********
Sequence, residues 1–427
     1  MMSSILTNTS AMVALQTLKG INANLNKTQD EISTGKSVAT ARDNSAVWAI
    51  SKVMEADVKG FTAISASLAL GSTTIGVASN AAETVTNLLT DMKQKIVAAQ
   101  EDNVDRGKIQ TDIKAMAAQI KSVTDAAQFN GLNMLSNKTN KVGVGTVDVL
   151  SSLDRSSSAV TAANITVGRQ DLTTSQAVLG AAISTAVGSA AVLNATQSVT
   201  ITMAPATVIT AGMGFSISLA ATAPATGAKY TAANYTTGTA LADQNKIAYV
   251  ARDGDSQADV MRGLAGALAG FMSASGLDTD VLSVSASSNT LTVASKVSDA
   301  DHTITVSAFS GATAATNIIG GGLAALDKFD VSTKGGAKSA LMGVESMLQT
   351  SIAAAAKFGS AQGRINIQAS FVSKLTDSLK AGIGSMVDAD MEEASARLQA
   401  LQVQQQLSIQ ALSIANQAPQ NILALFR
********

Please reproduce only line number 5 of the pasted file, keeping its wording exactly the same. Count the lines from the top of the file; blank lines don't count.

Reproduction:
   151  SSLDRSSSAV TAANITVGRQ DLTTSQAVLG AAISTAVGSA AVLNATQSVT